decision/offer

[intransitive not in progressive] if a decision, offer etc stands, it continues to exist, be correct, or be valid:
Despite protests, the official decision stood.
My offer of help still stands.
16

if you can't stand the heat, get out of the kitchen

used to tell someone that they should leave a job or situation if they cannot deal with its difficulties
17

somebody/something could stand something

used to say very directly that it would be a good idea for someone to do something or for something to happen:
His smile exposed teeth that could stand a good scrubbing.
somebody could stand to do something
My doctor told me I could stand to lose a few pounds.
18

I stand corrected

spoken formal used to admit that your opinion or something that you just said was wrong
19

where somebody stands

someone's opinion about something
where somebody stands on
We still do not know where he stands on the matter.
You must decide where you stand.
20

from where I stand

spoken according to what I know or feel:
I knew from where I stood that the stocks were practically worthless.
21

know where you stand (with somebody)

to know how someone feels about you, or what you are allowed to do in a particular situation:
At least we know where we stand with Steven now.
I'd like to know where I stand.
It helps to know where you stand legally.
22

stand to attention

British EnglishPMA ; stand at attention American English if soldiers stand to attention, they stand very straight and stiff to show respect
23

stand on your head/hands

to support yourself on your head or hands, with your feet in the air
24

stand in line

American English to wait in a line of people until it is your turn to do something [= queue British English]
Customers stood in line for 20 minutes at the cash register.
25

stand firm/stand fast

a) to refuse to be forced to move backwards:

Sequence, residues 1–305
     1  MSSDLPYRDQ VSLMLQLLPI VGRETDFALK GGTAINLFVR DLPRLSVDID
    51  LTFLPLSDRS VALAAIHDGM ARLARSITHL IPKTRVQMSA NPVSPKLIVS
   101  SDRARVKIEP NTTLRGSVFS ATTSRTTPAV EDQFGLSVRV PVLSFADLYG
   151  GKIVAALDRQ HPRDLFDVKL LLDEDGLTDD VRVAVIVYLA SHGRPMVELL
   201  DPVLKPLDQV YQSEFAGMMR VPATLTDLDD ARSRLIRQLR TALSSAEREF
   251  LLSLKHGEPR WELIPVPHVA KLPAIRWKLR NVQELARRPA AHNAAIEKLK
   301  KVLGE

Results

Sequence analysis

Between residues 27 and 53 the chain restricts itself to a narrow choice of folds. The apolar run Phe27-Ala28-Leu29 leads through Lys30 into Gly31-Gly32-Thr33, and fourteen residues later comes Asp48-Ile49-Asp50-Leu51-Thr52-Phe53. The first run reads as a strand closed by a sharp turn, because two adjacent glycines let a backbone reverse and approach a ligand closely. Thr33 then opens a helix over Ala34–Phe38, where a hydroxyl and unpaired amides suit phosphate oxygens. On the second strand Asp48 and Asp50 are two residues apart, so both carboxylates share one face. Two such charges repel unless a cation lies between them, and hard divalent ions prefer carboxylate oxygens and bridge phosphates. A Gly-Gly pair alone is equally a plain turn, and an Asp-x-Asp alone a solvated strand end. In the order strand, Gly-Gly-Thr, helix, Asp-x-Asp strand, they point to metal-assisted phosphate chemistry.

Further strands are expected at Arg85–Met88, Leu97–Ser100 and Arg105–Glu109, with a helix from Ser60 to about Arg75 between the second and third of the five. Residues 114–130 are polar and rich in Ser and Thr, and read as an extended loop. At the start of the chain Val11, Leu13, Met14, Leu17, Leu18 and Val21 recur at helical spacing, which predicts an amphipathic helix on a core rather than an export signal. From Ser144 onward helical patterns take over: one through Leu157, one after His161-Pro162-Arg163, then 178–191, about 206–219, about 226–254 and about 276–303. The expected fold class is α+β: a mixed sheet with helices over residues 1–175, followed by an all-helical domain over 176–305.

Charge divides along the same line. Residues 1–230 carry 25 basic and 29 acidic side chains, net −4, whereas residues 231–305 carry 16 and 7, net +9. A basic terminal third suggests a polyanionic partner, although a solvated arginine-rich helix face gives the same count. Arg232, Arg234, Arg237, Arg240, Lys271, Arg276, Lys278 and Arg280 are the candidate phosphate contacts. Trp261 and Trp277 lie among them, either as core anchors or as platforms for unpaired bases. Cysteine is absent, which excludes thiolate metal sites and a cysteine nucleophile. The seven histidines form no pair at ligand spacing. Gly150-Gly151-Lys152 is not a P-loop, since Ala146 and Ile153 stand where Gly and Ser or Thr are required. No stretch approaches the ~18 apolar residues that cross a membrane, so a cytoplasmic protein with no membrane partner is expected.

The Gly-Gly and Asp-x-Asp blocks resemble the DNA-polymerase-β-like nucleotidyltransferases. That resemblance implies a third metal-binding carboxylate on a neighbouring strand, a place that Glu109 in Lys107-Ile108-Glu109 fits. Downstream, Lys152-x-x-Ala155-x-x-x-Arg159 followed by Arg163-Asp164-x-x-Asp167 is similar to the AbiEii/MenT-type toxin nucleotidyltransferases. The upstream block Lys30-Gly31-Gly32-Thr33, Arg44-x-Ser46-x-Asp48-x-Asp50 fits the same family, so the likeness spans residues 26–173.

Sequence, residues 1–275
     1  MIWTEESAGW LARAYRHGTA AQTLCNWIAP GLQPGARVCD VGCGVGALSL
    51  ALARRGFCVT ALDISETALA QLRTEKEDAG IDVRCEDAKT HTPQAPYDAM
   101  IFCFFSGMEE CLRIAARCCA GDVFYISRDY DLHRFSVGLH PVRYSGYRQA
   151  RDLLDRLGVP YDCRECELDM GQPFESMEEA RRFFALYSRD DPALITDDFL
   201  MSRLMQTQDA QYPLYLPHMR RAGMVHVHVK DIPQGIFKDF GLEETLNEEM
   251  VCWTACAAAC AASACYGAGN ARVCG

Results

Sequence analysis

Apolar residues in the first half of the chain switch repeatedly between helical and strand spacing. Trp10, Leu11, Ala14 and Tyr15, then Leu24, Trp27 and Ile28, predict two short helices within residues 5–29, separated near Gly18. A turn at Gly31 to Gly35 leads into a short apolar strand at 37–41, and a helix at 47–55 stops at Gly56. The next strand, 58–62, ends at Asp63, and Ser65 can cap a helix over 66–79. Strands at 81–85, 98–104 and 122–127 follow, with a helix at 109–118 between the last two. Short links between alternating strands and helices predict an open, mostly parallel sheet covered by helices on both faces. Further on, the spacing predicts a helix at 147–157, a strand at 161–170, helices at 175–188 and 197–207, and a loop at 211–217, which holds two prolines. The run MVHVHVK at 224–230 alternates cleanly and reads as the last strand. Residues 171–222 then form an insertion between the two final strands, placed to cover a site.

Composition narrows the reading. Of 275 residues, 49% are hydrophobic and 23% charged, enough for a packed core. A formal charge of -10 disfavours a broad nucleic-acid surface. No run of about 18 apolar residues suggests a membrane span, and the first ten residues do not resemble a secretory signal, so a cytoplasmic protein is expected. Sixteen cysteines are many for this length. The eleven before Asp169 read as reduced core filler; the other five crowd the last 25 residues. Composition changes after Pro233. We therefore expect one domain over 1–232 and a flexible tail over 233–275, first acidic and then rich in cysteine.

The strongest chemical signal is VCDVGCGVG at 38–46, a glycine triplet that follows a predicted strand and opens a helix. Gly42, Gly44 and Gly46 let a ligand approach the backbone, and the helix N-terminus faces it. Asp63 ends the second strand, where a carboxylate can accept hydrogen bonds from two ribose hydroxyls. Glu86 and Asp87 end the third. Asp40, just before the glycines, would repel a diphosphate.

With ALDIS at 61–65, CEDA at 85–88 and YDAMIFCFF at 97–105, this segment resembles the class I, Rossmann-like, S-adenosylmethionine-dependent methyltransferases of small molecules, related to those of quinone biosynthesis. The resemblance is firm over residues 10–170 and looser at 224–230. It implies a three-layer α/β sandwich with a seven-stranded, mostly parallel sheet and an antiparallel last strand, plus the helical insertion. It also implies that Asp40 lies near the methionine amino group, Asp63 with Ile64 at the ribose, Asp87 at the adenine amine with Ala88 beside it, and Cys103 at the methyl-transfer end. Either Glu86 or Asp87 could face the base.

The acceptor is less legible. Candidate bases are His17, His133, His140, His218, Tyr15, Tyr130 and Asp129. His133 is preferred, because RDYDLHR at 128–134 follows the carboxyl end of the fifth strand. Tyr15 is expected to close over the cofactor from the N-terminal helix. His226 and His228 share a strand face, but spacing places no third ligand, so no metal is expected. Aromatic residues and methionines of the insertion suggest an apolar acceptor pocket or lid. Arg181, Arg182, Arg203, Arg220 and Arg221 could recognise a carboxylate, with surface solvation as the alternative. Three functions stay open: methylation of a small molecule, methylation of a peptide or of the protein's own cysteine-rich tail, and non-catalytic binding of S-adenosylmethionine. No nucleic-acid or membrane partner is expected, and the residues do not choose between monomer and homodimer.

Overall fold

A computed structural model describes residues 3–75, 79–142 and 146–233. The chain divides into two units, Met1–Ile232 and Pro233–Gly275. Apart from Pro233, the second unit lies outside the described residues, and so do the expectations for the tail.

She stood firm, blocking the entrance.
b) to refuse to change your opinions, intentions, or behaviour:
The government continued to stand firm and no concessions were made.
stand firm/stand fast on/against
He stands firm on his convictions.
26

stand pat

American English to refuse to change a decision, plan etc
stand pat on
Harry's standing pat on his decision to fire Janice.
27

stand alone

a) to continue to do something alone, without help from anyone else:
Some of the Pacific islands are too small to stand alone as independent states.
b) to be much better than anything or anyone else:
For sheer entertainment value, Kelly stood alone.
28

stand still

to not change or progress at all, even though time has passed:
No industry can stand still.
Time seems to have stood still in this lovely hotel.
29

stand a chance/hope (of doing something)

to be likely to be able to do something or to succeed:
You'll stand a better chance of getting a job with a degree.
Maybe their relationship had never really stood a chance.
30

stand in somebody's way

also stand in the way to prevent someone from doing something:
I always encouraged Brian. I didn't want to stand in his way.
You can't stand in the way of progress!
31

stand on your own (two) feet

to be able to do what you need to do, earn your own money, etc without help from others:
She's never learned to stand on her own feet.
32

it stands to reason (that)

used to say that something should be completely clear to anyone who is sensible:
It stands to reason that you cannot find the right person to do a job unless you know exactly what that job is.
33

stand or fall by/on something

to depend on something for success:
The case against him will stand or fall on its own merits.
34

liquid

[intransitive] a liquid that stands does not flow or is not made to move:
standing pools of marsh water
35

stand guard (over somebody/something)

XX to watch someone or something so that they do not do anything wrong or so that nothing bad happens to them:
Soldiers stand guard on street corners.
You must stand guard over him at all times.
36

stand bail

British English to promise to pay money if someone does not return to a court of law to be judged
37

stand trial

SCL to be brought to a court of law to have your case examined and judged
stand trial for/on
Gresham will stand trial for murder.
The accused was ordered to stand trial on a number of charges.
38

stand accused (of something)

a) SCL to be the person in a court of law who is being judged for a crime:
The former president stands accused of lying to the nation's parliament.
b) if you stand accused of doing something bad or wrong, other people say that you have done it:
The radio station stands accused of racism.
39

stand tall

a) to stand with your back straight and your head raised:
Stand tall with your feet comfortably apart.
b) American English to be proud and feel ready to deal with anything:
We will stand tall and fight for issues of concern to our community.
40

somebody can do something standing on their head

informal used to say that someone is able to do something easily:
This is basic stuff. I can do it standing on my head.
41

be stood on its head